In the previous segments of this paper i have discussed about an idea of cultural hierarchy that british could both dominate and control. In culture and imperialism “fortified each other to such a degree that it is impossible to read one without in some and way dealing with the other”. Through these lines it’s clear that, british identity becomes a major theme of many nineteenth century british novels. As british began to colonize the west indies, india and australia, thus the english narrative spread and became the dominant cultural narrative throughout the british empire [13]. Narratives of british thought we had a right to own the land which we have acquired against the non-european inhabitants and we had a right to rule over it. The english narratives strongly asserted the metro pole’s superiority and constructed a hierarchy with englishness at the top of it and ensure their dominance throughout the empire. The cultural hierarchy can be seen in canonical nineteenth century british novels such as mansfield park and vanity fair, where the colonial world has been seen as dominated over their subordinate subjects and they viewed themselves as regulative and normative. Here comes the question of english normative and the colonial ‘other’ which we can see in british author’s writings. Charlotte bronte employed this strategy in her choice of bertha, the novel’s anti heroin, as a west indian creole woman. As gianni discussed in “maps of englishness”, english novels can assert their characters legitimacy as english by holding them up to the colonial other for comparison, highlighting their difference and lateritic, and thereby asserting their englishness. In jane eyre, bronte has done theses up of a dichotomy whereby jane’s englishness is enhanced by bertha’s otherness. In bronte’s comparison of bertha and jane, she focused on six main areas of differences, firstly appearance, secondly health, thirdly liberty, then violence, after that religious perspectives and finally sexuality. Following those main areas of differences of englishness and otherness, i must say that bronte decided to go on and thus depicted bertha as an animal when she described her attack on rochester, saying, “the lunatic sprang and grappled his threat viciously and laid her teeth into his cheek”. (bronte, 328) by portraying bertha as sub-human, bronte effectively diminished the reader’s pity for her as an imprisoned woman, instead of making them view her as a beast with no entitlement to english ideals of liberty. Once bertha was effectively dehumanized, she casted into the role of impediment instead of victim. She was all that who stood between rochester and jane’s culturally sanctioned union. Bertha was neither entirely english nor entirely human, jane can continue to love rochester and withhold sympathy for bertha, without appearing un-christian and consequently un-english. In bronte’s description of bertha it is implicit that, bertha was taint of colonial disease and aberration. As alan bowell discussed in his work, jane eyre and victorian medical geography, bronte refused “to separate question of spiritual or national well-being from question of health and mobility”. Imperial medical geography did set out to elevate england as a metropolis by showing that disease came from other places on the globe, particularly the west and east indies. Medical geography thus played a large role in determining which places were healthy and which places needed to be improved. Moral and ideological values p, such as liberty, purity and normality were expressed through a country’s climate and medical pathologies. Now i can proceed towards the physical superiority of jane than bertha. English moral superiority over another culture or race could be seen through their physical repulsion, immune response to that location. Similarly the depravity of diseased colonial spaces was evidenced in their ability to contaminate healthy english bodies. Therefore it’s sure that the english people usually show smug towards another culture or locality. This colonial disease can be seen in richard mason whom jane recognized immediately as being not altogether english and described as sallow-faced and vulnerable to chills (bronte, 215-216). In wide sargasso sea, antoinette’s aunt cora leaves the islands because of her poor health and returns to england for a year. Cora’s exposure to the west indies has contaminated her, so that she fears that another english winter will kill her (rhys, 31- 33). Bertha’s mania too can be seen as an indication of her moral inferiority manifested through her physical deterioration and discolorations. This interpretation seems especially salient when one compares descriptions of bertha’s health with jane’s thriving existence at thorn field. In jane eyre, the english heroin jane also showed her disgust towards bertha, she said, “it was a discoloured face, it was a savage face, i wish i could forget the roll of the red eyes and the fearful blackened inflation of the lineaments” (bronte, 317). Here it can be said that, bertha’s discoloration in her blackened and inflated lineaments implied colonial sickness and contamination. However, while bertha’s physical appearance deteriorated as the novel progresses, jane’s health got improved. Upon first arriving at thorn field, jane goes on to walk-in the english countryside and described as having unblemished savage (bronte, 114). Here this unblemished savage means bertha’s uncivilized appearance. As her relationship with rochester transform from that of master servant to mutual friendship and respect, jane reflects “the blanks of existence were filled up, my bodily health improved; i gathered flesh and strength “(bronte, 166). By all her comments now it’s almost vivid that, jane herself knew about her english health which will be compromised in a colonial world. When rochester revealed his colonial diseased wife to jane after their wedding ceremony was interrupted, jane fled from thorn field and was taken in by the rivers family. There she met widths. John rivers, later discovered to be one of her cousins, and earned his respect as a suitable christian woman and potential missionary wife. When st. John proposed to jane, asking her to follow him to india to spread christianity within the british colony, she was immediately terrified. Jane’s fear of leaving england, as she asserted that, “if i go to india, i go to a premature death” (bronte, 450). Here jane’s this saying proved her true englishness, how much she felt comfortable to be in england, no matter she is in sad or gloomy state or not, the main happiness lied to live in english with all her english attributes. That’s why when she had got to know about leaving england she hot scared. St. John’s sister also agree that jane’s delicate english constitution “would not live three months there as she would surely fall victim to colonial disease and eventually death (bronte, 462). By making it impossible for jane to leave the metropolis for the british colonies, bronte confirmed jane’s purely english constitution and moral superiority over diseased bertha. In jane eyre, bronte constructed connection between physical debility and moral weakness and expanded the connection to the political arena, highlighting the way bertha and jane respond to oppression. As edmund bunk stated in his writings on the french revolution, the english citizen’s inherent right to freedom stemmed from history: you will observe that, from magna charta to the declaration of right, it has been the uniform policy of our constitution to claim and assert out liberties as an entailed inheritance derived to us from our forefathers, and to be transmitted to our posterity as an estate specially belonging to the people of this kingdom. Therefore, while jane can assert her independence and throw off her oppressions such as the reed family, antoinette can’t because her hybrid identity as creoles excludes her from this history of inherited rights. And here we can see the main point of discrimination of bertha than jane. In both texts, jane eyre and wide sargasso sea the reader encountered of liberty for jane and moments of imprisonment for berth/antoinette. Jane voices her desire for liberty while at logwood, saying, “i desired liberty; for liberty i gasped; for liberty i uttered a prayer; it seemed scattered in the wind then faintly blowing” (bronte, 99). By acting rationally, jane was able to place an ad in the local newspaper, acquired new position as a governess at thorn field, and ultimately her desired freedom from logwood. On the other hands, antoinette can be successfully imprisoned by rochester in a room on the third floor of thorn field; rochester cannot force jane to stay once as she would abletodiscoverhis disastrous marriage. Here rochester played the role of indicator who can show the difference between jane and berth. In the final chapter of wide sargasso sea antoinette recalls offering all she has to rochester in exchange for her freedom and being denied (rhys, 115). However, jane never needs to ask rochester to release her, and instead is described as a resolute, wild, free thing that leaves without his knowledge (bronte, 357). How english freedom paved its way in jane eyre that we would able to understand through rochester’s attitudes. In wide sargasso sea rochester is able to escape his miserable marriage to antoinette by lacking her in a “cardboard world” (rhys, 115) where he can wait for the day when she is only a memory to be avoided, locked away, and like all memories a legend or a lie” (rhys, 113). Being an english gentleman rochester had no resistance of doing heedless deeds in his life. He was able to live life of a bachelor, roaming europe and taking mistresses, while disowned both his wife and their marriage. Jane was similarly able to escape from her awkward and unhappy situation at thorn field after her illegitimate marriage to rochester was halted. However, in jane eyre bertha was given an opportunity to liberate herself from her imperial oppressor rochester except through her final act of suicide in the novel. Even when antoinette was still at her estate, françois, she cannot follow christophine’s advice and escape to martinique or england because she has forfeited her fortune to her husband (rhys, 69). Unlike rochester, for whom england is a haven while on the other hands, for antoinette england seemed like a prison rather than a refuge. Not only did antoinette lose her freedom in england, but she also did lose her voice. As gianni points out, “empire equals domination and a culture of silence; nation equals freedom and the culture of liberation”. It is to be noted that, in jane eyre, bertha and richard mason can be seen as colonial subjects. Bronte enacted gianni’s dichotomy, provided an english national narrative which was expressed only through the voices and as speak explained in her discussion of the subalterns, can be represented only through the description of others who fall within the english meta-narrative, never herself. Bertha’s effective silencing of the subaltern identity was coupled with rochester’s silencing of the colonial body once again gianni’s dichotomy was enacted as rochester’s national identity allowed him to dominate mason, made him silent and did also warn “richard it will be at peril of your life if you speak to her open your lips-agitate yourself-and i’ll not answer for the consequences” (bronte, 236). Bertha and mason’s forced colonial silence was necessary to suppress the threat of a subaltern discourse, which could challenge the authority of rochester’s narrative of victimized englishman and consequently the sanctity of rochester’s english union. Bronte’s text justified restraining bertha by pointing out her own lack of restraint, in regard to both violence and sexuality, and her excesses once again enhanced jane’s englishness. During the nineteenth century. One mark of englishness won control over passion and aversion to physical violence. Of all the forms of physical violence, the use of the knife was considered the most primitive and uncivilized by the english courts system. In jane eyre, bertha was not a woman who only exhibited the repeated violence against mr. Rochester and richard mason, but she employed a knife as her weapon proving her lack of civilization (bronte, 239). Bertha’s violent revolt also alluded to the result in the west indies that the english were so terrified of during the nineteenth century. Her narrative functions as slave narrative within the text as she was taken from her native home by the white european colonizer, travelled on her own middle passage from jamaica to england, and was enslaved in thorn field by her colonial oppressor. Bertha’s position as colonial other was once again reinforced when she enacted a slave rebellion similar to the burning of calibri by former slaves in wide sargasso sea, did set fire to thorn field while the colonial master was sleeping inside. By making bertha’s narrative mirror as a slave narrative. Bertha’s excessive sexuality also made her perfect foil to demonstrate jane’s englishness by making bertha a west indian creole, bronte invoked prevalent stereotypes of nineteenth century britain, which characterized colonial women as intemperate and unchaste- terms rochester used to describe bertha in jane eyre. In wide sargasso sea, rochester described antoinette as being provocatively sexual, “sometimes a side long look or a sly knowing glance disturbed me, but it was never for long” (rhys, 54). Rhy’s antoinette was in direct opposition to bronte’s jane, who refused to be rochester’s mistress, regardless of the broken state of his marriage and despite her passionate love for him. Even during their engagement, “jane shows extreme sexual restraint not allowing rochester to touch her, pamper her, or even compliment her (bronte, 307). The self discipline which jane possessed and antoinette’s lacking were one of the quintessential qualities of englishness during victorian era. While rochester criticized antoinette for being emotionally transparent in wide sargasso sea and didn’t conceal her feeling as he has learned to do jane was adept at hiding her emotions. She was even able to discipline herself into not showing her attraction to mr. Rochester; “i had reason to congratulate myself on the course of wholesome discipline to which i had forced my feelings to submit” (bronte, 184). Jane’s self restraint allowed her to protect her untainted body, while antoinette’s reportedly promiscuous behaviour pollutes her colonial body- signifying jane’s english moral superiority to antoinette’s moral and physical degradation. Thus jane’s self-control and bertha’s lack of restraint in regard to sexuality demonstrated jane’s englishness and bertha’s otherness. Jean rhy’s postcolonial answer to jane eyre opposed bronte’s construction of bertha as other to english superiority. But her own project was complicated because of her ideological contradictions. These contradictions within rhy’s work were a product of her own confusion as to the nature of englishness. Written in 1966 after her repatriation wide sargasso sea in many ways served as rhy’s own colonial narrative. The demonstration of the narrow confines of englishness which allowed rhys to be a british imperial subject but never an english domestic citizen. Rhys described how the confines of englishness manifest themselves among the domestic english population in her journal. She wrote from her very own experience: i soon discovered the peculiarly smug attitude which made them quite sure that, i was in some way inferior if i said i was english, they at once contradicted me or implied contradictions. No a colonial you’re not english inferior being. My mother says colonials aren’t ladies and gentlemen, etc. If on the other hand i’d say exasperated, “all right then i’m not english as a matter of fact i’m not a bit. I’d much rather be french or spanish. They’d get even more amazed at that. I was a traitor. You’re british they’d say neither one thing nor the other. Heads you win tails, i lose and i never liked their voices any better than they liked mine. Rhys inability to claim a solid national identity was reflected both in her depiction of antoinette as a hybrid character and the implicit contradictions found within her discussion of englishness. In wide sargasso sea, rhys did fight against troops of englishness using what home habra terms “colonial mimicry” and colluded with the colonial project by using black characters as props to the creole identity” just as bronte used the creole as a prop to the english identity. Throughout the novel, rhys reflected the social hierarchy the british imposed upon the west indies by displaying her protagonist antoinette’s constant, attempts to achieve englishness. Here also in post colonial writing we can see the importance of english attributes taught by the british. It seems they spell bound the colonial subjects who are under their subjugation. From the beginning of the novel rhys depicted antoinette as a person who got the lacks a sense of belonging, due to a destructive racism that separates her socially from the caribbean black population and epistemologically from the european white population. Although antoinette enjoyed behaving like an english girl, eating traditional english beef and mutton, she acknowledges that “it is only a facade as she truly craves christophine’s spicy west indian cooking (rhys, 16). Antoinette’s aberration from english tastes signified her physical and cultural difference from the domestic english body as the creole food she was chosen to ingest came to symbolize her creole otherness. Mr. Mason for his part cannot understand antoinette and her mother’s lateritic, attempted to claim them for english elite while both were self- admittedly “so without a doubt not english” (rhys, 16). The impossibility of complete english assimilation is self-evident to the cosway woman, who realized that to celebrate the dominant codes of englishness, doesn’t have the same status or authority as those persons who, because of their race and geology are constructed as english to the backbone. Part of antoinette’s inability to claim englishness lied in her family’s lack of wealth. For the black inhabitants of jamaica, whiteness was associated with the wealthy planter class. Thus because antoinette can’t properly perform her whiteness, she cannot claim englishness. In the novel wide sargasso sea rhys tried to show the power of black nigger than the white british or white nigger. One of the character tia, who was the jamaican girl and with whom antoinette tried to befriend, pointed out the incongruity in antoinette’s social status when she says, “real white people, they got gold money. Old times white people nothing but white nigger now and black nigger better than white nigger” (rhys, 8). When tia referred to “old time white people” she was referring to former slave owners whose familiarity with and involvement in the slave trade have creolized them “morally and biologically estranged them from their english brethren”. Antoinette’s physical appearance also played a role in her difficulty claiming englishness because her skin colour was ambiguous. While some literary critics assumed antoinette was a white creole because of rochester’s comments about her ability to pass a english at times. Bronte’s text described her as having darkened skin and appearing almost purple to jane (bronte, 317). Bertha/antoinette’s racial ambiguity contributed to her exclusion from an english identity as her description of having darkened skin associated her with blackness, the antithesis of english whiteness. For britain, blackness was associated with the colonial slaves and their violent uprising in the west indies against the white english imperial power. This connection was only strengthened at the end of wide sargasso sea, when rhys foretold what i have previously described as bertha/ antoinette’s slave revolt when she did set out thorn field on fire. Thus bertha/antoinette’s racial ambiguity reflected in english angst, as she was linked with colonial slave violence against the colonizer, made her emphatically un-english. However, just as rhys showed that antoinette cannot be truly english, she problematized the premise of bronte’s novel: that antoinette’s otherness is the reflection of jane’s englishness. In wide sargasso sea, rhys, questioned through her use of colonial mimicry, the diametric opposition of the two female characters seen in jane eyre. Home habra stated that the act of colonial mimicry consists of a desire for a reformed, recognizable other, as a subject of difference that is almost the same, but not quite. Which is to say, that the discourse of mimicry is constructed around ambivalence in order to be effective, mimicry must produce its slippage, its excess, its difference? Thus colonial mimicry reveals the ambivalence of racial markers and arbitrariness of cultural hierarchy. In the scene in wide sargasso sea where the black as slave did set fire to calibri, rhys re-enacted the famous scene of bertha who was setting fire to thorn field in jane eyre. By mimicking this scene of colonial violence, rhys made antoinette a victim of the colonial other associating her with the english rochester and jane who were also the victims of the colonial other in jane eyre. Such as a comparison destabilized the supposedly inherent difference antoinette’s crinolines and rochester and jane’s shared englishness. More examples of this rapture in the dominant discourse of englishness can be seen when rochester noticed how antoinette might have been any pretty english girl, and françois “looked like an imitation of an english summer house” (rhys, 40). Both of rochester’s observations illustrated the dangers of colonial mimicry when it bordered on resembles with englishness and undermined its authenticity. Such subversive ideology was a threat to the british, as it revealed englishness as an empty fiction and called into question the very integrity of the english culture and identity. Rhys emphasized the fallacy of the english hierarchy by undermining rochester claims to moral and cultural superiority. She depicted him sharing qualities with daniel cosway, antoinette’s biracial alleged half-brother who like rochester resented his father. She even went so far as rochester betrayed his englishness by endangering the homogeny of the british race through sleeping with the black servant amelia and actively partaking in miscegenation. While rhys successfully problematized englishness autocracy in casting antoinette as the colonial other and english subordinate, she also consciously or unconsciously colluded with the very ideology she attempted to oppose by having antoinette view the blacks as racial inferior. Antoinette displayed an english fear of miscegenation when she saw a black servant kiss her mother. She proceeded to generalize her disgust at the black servant by lashing out to christophine and calling her a “damned black evil from hell” , (rhys, 86). By associating christophine with the black man, antoinette demonstrated that, racial dyad of white and black are always there in the back of her mind, was always structuring and warping the conceptions and relations, even her relationship with christophine. In the scene where antoinette was chased by the biracial boy on her way to school, she described her horror at the child’s hybrid features, “he had white skin, a dull ugly face white covered with freckles, his mouth was a negro mouth, worst, most horrible of all, his hair was crinkled, a negro’s hair, but bright red and his eyebrows and eye lashes were red”. (rhys, 26) antoinette’s apparent fear of the biracial boy stemmed from his enactment of colonial mimicry as he engaged in the act of passing almost the same but not white. Her revulsion at the physical evidence of miscegenation did mirror rochester’s english disgust when he reflected that antoinette and amelia resemble each other and could be related, whereby antoinette would be the colonial subject attempting to pass and infiltrate the borders of whiteness (rhys, 80). Antoinette’s attempts to break out of her displaced role of the “other” and established herself within one cultural group are continually thwarted. When antoinette attempted to assimilate with the black population in jamaica, befriending tia and speaking patois, her complete assimilation was prevented by both tia and rochester when calibri was burned down and antoinette did run to join her friend tia, “she throws a rock at antoinette’s face and signals antoinette’s rejection by the black community (rhys, 23). Rochester of course will not let antoinette find a place among the blacks as she was now the wife of an englishman and voiced his disapproval with her speaking patios with christophine along with hugging and kissing the black servants openly. Thus, antoinette’s own english prejudices, along with tia’s rejection and rochester’s chastisement, excluded her from identifying with the black community, while her birth and familiarity with the former slaves precluded her assimilation with the english community. While in jane eyre rochester asserted that it was bertha’s sexual “excesses that had prematurely developed the germs of insanity”. (bronte, 345).rhys portrayal of antoinette argued that her madness was the result of trying to fit within the narrow confines of englishness. As social dena pointed out, antoinette was a victim of colonization, one of the purest forms of cultural destruction and mass human denigration. Even the british colonizers suffered from a loss of cultural identity as they were creolized and rejected by their british relations. Antoinette alluded to this when she and mr. Mason discussed how cora’s husband’s family refused to help the cosway because of their involvement with slavery. Antoinette’s attempted to identify herself as english which was frustrated by the nature of her position as a creole, on the boundary of englishness and otherness being simultaneously radically different and yet inherently similar to rochester. Eric johnson discussed this dichotomy of inclusion and exclusion within the canon of englishness when she said, “rhys is careful to show how the history of colonialism operates in such a way that creole characters never achieve the same sense of national or even geographical identity that the english character posses. Antoinette exists in an imperial system which simultaneously forces her to submit to the british nation state’s domestic legal and cultural practices yet refuses to view her as anything more than a distant imperial subject never domestically english. She rejected by the jamaican black community and while her label as other is problematized, she is still denied her englishness, antoinette addresses her own lack of identity when she reflects”. It was a song about a white cockroach. “that’s me. That’s what they call all of us who were here before their own people in africa sold them to the slave traders. And i’ve heard english woman call us white niggers. So between you and i often wonder who i am and where is my country and where do i belong and why was i ever born at all (rhys, 63). Taking a holistic view of both bronte and rhy’s texts, it seems that the synthesized character bertha, aka antoinette evaded all presuppositions. She was neither bronte’s mad criminal nor rhy’s dutiful, victimized english wife. Her identity was unknown both to the reader and herself. While its malleability was demonstrated by rochester’s ability to make it free spirited antoinette to lost and confused bertha. Antoinette realized how rochester was manipulating her identity and self concept when she says “bertha is not my name. You are trying to calling me by another name” (rhys, 95). Rochester’s other nickname for antoinette, “marionette”, signified the loss of identify as antoinette soon became rochester’s possession to the locked away in the attic devoid of free-will. Patrick hogan comments on the aptness of “marionette” as a nickname for antoinette saying it reflects her change in identity to “a mere manipulated thing, a puppet, a piece of wood, without reflection or autonomous action, without social connectedness beyond mere population, without identity”. Antoinette’s inability to forge identify for herself coupled with the loss of her primitive self-concept led to her later madness at madness at thorn field. “not only does antoinette lose all concepts of time and place neither remembering how long she has been in the cardboard house nor believing that she is in england but she loses touch with herself (rhys, 116-117). In one of the final scenes of wide sargasso sea, antoinette escaped from her attic prison in thorn field and experiences a traumatic event. “i went into the hall again with the talk candle in my hand. It was then that i saw her ghost. The woman with streaming hair she was surrounded by a gilt frame but i knew her” (rhys, 122). What antoinette has just witnessed was her own transformation into rochester mad creole wife, bertha, as she viewed her reflection in a hall mirror. She has effectively passed through a reverse laconia mirror phase, in which she was now cognizant that her mirror image was distorted and broken, replacing her previously holistic self-concept. It is this disassociation between antoinette was formerly holistic self-concept in jamaica and her currently fractured identity in england that caused antoinette to assume the role of rochester and bronte’s mad creole woman bertha. Rhy’s haunting image of antoinette’s face being reflected on bronte’s mad creole woman in the gilt frame foreshadows antoinette’s life as voiceless berth in bronte’s text trapped by rochester in her gilt cage on the third of thorn field.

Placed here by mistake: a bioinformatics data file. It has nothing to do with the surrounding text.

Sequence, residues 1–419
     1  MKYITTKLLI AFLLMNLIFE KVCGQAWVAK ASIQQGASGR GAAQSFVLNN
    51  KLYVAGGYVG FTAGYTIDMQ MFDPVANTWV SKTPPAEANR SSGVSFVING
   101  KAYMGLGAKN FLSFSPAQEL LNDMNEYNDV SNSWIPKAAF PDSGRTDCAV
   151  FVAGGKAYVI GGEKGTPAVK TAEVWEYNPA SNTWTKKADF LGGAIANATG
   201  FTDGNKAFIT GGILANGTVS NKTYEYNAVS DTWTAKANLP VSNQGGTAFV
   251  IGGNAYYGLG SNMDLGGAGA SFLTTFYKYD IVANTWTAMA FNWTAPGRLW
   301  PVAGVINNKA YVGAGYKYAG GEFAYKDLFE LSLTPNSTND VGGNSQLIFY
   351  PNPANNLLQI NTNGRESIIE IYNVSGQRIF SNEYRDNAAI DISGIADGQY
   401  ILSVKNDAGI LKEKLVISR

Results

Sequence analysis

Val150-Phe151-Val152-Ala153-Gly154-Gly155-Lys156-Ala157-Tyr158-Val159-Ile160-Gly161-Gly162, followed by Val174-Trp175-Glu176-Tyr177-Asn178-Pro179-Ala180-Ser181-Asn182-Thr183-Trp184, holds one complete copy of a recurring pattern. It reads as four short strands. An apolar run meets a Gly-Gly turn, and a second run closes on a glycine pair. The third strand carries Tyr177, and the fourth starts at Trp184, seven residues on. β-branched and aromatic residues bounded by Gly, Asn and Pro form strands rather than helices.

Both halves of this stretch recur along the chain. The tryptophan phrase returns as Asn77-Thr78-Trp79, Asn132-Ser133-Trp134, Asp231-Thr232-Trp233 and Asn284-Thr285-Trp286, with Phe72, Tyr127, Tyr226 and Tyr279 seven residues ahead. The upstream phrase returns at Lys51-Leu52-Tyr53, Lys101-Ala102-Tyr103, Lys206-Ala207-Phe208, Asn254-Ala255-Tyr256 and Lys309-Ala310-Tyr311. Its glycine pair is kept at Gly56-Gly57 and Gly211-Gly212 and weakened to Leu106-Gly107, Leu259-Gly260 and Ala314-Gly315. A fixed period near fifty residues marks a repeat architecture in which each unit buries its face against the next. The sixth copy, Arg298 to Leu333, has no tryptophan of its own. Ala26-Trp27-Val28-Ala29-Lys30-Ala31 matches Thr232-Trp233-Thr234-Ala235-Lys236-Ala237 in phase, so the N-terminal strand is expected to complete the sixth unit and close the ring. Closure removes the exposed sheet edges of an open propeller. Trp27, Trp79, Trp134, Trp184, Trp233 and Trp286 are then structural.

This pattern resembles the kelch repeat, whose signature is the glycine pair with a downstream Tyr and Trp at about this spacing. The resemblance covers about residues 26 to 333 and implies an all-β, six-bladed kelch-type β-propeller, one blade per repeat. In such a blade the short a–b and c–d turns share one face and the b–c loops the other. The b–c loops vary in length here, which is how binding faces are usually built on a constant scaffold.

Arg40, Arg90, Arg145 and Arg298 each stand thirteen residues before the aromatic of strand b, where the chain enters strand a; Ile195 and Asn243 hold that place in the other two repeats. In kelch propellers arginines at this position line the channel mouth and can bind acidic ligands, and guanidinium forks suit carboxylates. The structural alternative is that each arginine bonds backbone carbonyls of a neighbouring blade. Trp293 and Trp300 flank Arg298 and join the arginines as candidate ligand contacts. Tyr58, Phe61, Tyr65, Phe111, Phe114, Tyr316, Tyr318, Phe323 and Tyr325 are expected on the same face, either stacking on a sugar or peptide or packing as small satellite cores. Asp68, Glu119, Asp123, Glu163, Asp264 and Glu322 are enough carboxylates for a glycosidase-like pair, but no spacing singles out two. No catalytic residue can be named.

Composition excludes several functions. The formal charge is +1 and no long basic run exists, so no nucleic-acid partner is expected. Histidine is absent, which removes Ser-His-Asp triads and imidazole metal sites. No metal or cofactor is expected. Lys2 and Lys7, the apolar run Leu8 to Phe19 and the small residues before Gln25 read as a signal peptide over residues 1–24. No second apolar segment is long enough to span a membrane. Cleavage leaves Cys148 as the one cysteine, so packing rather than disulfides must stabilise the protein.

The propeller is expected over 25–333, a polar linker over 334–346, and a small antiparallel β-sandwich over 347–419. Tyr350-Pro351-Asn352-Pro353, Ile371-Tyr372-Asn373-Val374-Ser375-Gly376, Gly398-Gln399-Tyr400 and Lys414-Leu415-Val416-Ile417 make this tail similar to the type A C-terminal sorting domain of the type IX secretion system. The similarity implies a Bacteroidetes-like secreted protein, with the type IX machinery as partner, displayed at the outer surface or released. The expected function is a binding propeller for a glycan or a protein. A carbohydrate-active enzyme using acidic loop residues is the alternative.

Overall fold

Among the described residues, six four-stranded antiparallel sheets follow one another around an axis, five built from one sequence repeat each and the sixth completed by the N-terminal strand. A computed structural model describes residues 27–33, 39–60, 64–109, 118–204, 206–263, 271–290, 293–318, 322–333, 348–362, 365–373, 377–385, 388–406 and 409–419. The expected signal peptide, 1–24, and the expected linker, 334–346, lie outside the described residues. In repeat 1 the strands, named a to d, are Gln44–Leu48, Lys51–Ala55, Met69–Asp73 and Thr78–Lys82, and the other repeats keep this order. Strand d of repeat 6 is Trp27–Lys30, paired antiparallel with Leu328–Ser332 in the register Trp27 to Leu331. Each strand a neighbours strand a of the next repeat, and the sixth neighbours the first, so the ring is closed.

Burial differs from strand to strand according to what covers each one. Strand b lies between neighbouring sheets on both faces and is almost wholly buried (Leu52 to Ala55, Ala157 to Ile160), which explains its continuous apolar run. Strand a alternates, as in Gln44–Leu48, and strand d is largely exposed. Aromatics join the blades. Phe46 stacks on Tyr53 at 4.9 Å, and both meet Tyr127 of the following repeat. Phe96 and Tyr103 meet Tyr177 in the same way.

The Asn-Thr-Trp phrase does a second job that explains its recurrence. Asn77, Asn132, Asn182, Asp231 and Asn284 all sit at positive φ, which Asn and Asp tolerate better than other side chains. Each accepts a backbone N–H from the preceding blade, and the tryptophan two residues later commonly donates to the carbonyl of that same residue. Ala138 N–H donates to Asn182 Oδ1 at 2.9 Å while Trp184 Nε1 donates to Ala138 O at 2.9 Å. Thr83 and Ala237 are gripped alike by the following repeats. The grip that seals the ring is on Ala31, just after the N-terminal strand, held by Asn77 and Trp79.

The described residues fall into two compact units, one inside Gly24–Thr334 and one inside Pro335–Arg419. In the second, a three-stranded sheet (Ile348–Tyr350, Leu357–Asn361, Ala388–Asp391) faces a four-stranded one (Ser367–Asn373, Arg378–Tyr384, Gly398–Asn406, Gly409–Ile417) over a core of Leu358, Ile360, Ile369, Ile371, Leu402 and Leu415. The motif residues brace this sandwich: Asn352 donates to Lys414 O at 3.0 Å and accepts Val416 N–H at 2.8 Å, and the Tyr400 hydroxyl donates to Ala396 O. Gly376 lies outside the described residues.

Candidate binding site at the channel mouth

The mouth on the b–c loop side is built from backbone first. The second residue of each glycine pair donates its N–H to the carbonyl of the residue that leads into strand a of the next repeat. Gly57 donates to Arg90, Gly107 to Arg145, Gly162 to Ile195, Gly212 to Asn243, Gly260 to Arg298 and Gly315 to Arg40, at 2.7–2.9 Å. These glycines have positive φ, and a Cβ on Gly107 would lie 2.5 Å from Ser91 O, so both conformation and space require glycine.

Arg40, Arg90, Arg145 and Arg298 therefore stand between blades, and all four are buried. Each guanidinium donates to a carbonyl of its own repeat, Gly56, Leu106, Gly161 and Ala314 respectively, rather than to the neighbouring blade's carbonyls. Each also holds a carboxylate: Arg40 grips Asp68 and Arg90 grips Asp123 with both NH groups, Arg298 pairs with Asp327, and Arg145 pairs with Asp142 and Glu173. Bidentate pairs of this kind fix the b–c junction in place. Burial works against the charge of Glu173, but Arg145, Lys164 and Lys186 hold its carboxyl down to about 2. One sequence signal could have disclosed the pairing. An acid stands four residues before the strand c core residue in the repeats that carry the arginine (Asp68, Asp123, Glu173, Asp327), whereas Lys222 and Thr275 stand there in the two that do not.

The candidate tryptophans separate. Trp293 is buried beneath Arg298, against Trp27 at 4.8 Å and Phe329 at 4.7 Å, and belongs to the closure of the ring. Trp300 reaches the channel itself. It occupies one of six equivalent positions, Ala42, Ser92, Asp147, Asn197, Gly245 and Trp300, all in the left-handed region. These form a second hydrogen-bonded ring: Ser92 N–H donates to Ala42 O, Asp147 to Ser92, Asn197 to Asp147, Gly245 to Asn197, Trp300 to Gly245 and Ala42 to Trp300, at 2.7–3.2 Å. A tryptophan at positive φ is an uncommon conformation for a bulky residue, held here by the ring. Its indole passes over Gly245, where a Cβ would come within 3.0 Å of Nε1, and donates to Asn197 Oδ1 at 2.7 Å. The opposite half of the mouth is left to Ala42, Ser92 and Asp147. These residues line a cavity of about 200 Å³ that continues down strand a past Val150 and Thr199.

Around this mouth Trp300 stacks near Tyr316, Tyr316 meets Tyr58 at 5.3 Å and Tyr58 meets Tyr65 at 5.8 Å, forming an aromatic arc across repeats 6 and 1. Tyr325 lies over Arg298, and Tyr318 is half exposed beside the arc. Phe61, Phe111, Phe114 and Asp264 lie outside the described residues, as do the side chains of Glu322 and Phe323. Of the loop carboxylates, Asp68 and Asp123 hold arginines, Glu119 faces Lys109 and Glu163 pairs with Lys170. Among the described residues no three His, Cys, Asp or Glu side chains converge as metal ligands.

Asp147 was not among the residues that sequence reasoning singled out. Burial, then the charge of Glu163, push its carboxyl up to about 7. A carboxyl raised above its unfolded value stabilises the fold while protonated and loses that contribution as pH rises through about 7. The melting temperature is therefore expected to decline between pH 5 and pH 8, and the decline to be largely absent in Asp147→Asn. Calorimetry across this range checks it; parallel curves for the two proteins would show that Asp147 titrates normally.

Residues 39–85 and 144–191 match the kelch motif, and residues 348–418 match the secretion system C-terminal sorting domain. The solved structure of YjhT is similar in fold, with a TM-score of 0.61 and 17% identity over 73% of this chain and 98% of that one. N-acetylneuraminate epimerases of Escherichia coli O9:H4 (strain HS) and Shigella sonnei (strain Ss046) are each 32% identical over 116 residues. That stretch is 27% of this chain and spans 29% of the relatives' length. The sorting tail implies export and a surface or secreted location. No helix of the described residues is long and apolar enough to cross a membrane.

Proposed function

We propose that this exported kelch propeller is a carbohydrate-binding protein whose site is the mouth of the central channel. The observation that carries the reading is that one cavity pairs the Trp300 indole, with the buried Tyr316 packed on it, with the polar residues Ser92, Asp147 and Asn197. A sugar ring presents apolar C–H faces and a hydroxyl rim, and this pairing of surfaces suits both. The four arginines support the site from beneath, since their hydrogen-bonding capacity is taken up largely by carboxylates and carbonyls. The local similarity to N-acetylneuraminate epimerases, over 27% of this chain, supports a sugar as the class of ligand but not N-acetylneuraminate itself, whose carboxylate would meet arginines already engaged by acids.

Desegregated identity of english in jane eyre and wide sargasso sea